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Water experts say non-profit group's Flint water test lacks credibility

Dave Reckhow is a professor of civil and environmental engineering at the University of Massachusetts Amherst.
Steve Carmody
Michigan Radio
Dave Reckhow is a professor of civil and environmental engineering at the University of Massachusetts Amherst. He says there's nothing unusual about the levels of disinfection by-products in Flint's water.

Flint’s water is still not safe to drink without a filter.

A lot of people have been asking whether the water is safe for bathing. Federal and state agencies say it is.

But people are worried about rashes they’ve been getting even after Flint switched back to Detroit water last October. Federal experts are looking into that (the results aren't in yet).

In the meantime, a group called Water Defense came to Flint and started doing its own testing. It’s a nonprofit launched by actor Mark Ruffalo.

In a YouTube video Water Defense says it filmed in Flint this January, the group's chief technology officer and investigator Scott Smith pulled a green foam thing with tentacles out of a jar, placed it in the hotel bathtub, and let it soak.

“This is the Water Defense WaterBug we are going to use to mimic the way we all encounter water,” he says in the video.

You can watch him demonstrate the WaterBug here:

The group also took grab samples at the same time: filling up a test bottle with water from the tap.

In February, Water Defense announced they found dangerous levels of chemicals in bathtubs and showers in Flint. They focused mainly on disinfection by-products: compounds that form in water when you add chlorine to it for disinfection.

People got worried about that, and Virginia Tech professor Marc Edwards says his team took those concerns seriously.

“And we launched at Virginia Tech, in collaboration with a partner at the University of Massachusetts, an unprecedented third party evaluation of disinfection by-products in Flint, both hot and cold water,” he says.

The researchers announced their findings at a press conference last week. You can see the details on Virginia Tech's Flint Water Study page.

University of Massachusetts Amherst professor Dave Reckhow is an expert on disinfection by-products in water. At the press conference, he said the levels of the nine regulated disinfection by-products they've tested in Flint water are normal.

“Our conclusions are none of the regulated DPBs exceed federal standards and in fact, they’re not really all that high on a national basis; they’re pretty average I would say,” he says.

He says they’re also studying about 60 other unregulated disinfection by-products in Flint water. He says they’ll have those results soon.

An unvetted testing method

Reckhow says the grab sample method Water Defense is using is fine. But he says the foam WaterBug has not been vetted at all.

"... in order to do due diligence as a scientist, you really need to have a control."

“And so in order to do due diligence as a scientist, you really need to have a control. And the reason why is, if you don’t, you don’t know where the contaminants you might be picking up came from. And so with WaterBug, it may be picking up some contaminants from the water, but it may as well be picking up other contaminants from the air in the homes,” says Reckhow.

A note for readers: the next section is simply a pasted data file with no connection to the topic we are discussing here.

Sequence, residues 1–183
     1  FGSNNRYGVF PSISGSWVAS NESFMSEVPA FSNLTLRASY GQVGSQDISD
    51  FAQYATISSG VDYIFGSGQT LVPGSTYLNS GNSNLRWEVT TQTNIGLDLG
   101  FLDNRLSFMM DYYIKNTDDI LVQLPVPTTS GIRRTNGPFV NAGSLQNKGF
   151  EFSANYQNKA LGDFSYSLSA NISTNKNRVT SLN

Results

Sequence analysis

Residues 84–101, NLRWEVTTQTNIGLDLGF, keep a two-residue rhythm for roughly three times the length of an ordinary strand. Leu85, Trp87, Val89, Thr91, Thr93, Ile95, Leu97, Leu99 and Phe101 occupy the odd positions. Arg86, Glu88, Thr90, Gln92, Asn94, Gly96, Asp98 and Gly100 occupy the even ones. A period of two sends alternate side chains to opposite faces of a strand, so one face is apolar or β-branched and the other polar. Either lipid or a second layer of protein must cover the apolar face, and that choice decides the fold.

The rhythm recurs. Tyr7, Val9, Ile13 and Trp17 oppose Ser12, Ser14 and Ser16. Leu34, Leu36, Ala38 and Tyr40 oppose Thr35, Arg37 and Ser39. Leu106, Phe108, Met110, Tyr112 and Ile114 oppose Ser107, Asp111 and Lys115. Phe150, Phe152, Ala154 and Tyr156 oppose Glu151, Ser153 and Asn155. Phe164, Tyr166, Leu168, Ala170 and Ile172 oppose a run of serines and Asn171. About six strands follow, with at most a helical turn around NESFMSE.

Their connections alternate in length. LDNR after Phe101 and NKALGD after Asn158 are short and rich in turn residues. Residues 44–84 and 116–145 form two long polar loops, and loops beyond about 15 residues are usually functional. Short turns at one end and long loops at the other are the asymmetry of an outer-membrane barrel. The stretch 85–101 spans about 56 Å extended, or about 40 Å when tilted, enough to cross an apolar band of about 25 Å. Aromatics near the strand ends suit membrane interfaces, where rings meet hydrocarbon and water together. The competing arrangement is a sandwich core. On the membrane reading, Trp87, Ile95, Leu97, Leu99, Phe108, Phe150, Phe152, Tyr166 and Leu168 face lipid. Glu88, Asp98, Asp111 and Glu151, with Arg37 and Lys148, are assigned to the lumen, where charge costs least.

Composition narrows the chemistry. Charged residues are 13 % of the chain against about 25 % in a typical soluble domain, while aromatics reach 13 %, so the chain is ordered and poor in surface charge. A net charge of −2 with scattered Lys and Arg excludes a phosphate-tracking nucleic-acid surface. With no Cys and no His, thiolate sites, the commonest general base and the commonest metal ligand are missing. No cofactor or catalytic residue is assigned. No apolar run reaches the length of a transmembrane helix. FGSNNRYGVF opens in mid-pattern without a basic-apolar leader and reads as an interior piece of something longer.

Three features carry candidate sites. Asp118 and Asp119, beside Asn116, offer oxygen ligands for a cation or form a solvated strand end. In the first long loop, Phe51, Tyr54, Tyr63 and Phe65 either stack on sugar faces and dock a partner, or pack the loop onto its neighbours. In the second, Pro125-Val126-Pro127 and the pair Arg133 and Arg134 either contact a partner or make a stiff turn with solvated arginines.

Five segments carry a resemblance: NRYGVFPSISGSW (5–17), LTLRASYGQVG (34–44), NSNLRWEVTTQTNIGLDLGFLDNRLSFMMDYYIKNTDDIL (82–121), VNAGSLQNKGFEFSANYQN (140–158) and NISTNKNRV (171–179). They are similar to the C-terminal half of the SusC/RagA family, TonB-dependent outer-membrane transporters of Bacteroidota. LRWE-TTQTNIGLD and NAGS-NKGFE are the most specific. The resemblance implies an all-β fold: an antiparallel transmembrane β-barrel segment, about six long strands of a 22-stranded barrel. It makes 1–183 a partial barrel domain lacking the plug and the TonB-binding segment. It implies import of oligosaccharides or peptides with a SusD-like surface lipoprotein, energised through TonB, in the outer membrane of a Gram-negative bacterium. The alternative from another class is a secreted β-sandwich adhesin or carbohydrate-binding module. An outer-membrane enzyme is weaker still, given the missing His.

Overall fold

Scott Smith admits they did not use controls in the homes and hotels they sampled. So he says it’s possible WaterBug could be picking up chemicals from indoor air.

“Obviously there’s a lot of variables, that may be possible. We haven’t seen that at this point,” Smith says.

Smith argues the WaterBug technology is the only thing that can mimic longer term exposure to water.

“Instead of taking my hand or arm, or your arm, and putting it in a bathtub or shower for 20 minutes and cutting away a piece of skin, we are trying to develop a new method using certain EPA protocols for testing to mimic the way humans encounter shower and bath water,” says Smith.

But both Marc Edwards and Dave Reckhow say that’s just completely false.

“There’s no substitute for the standard methods that are used that have been vetted by scientists for years and years," says Reckhow. "And that is to take grab samples of the water, sealed and ship them to a laboratory.”

Reckhow says you can just take a series of grab samples over time to mimic changes in concentrations of various exposures over time in a shower.

Water Defense's Scott Smith says he wants to see detailed lab reports from all the parties testing Flint's water. Reckhow says it would be useful to compare data taken with the standard grab sample method - but not data collected with the WaterBug.

Virginia Tech’s Marc Edwards says he understands that people in Flint are wary of their water.  

“Obviously, if you are experiencing rashes or breathing difficulties, we do not discount those at all. But if you have not been having problems, there’s no reason to think that Flint water is currently less safe than any other city in the United States when it comes to bathing or showering,” he says.

He says Flint is now the best monitored water system in the country.

Rebecca Williams is senior editor in the newsroom, where she edits stories and helps guide news coverage.
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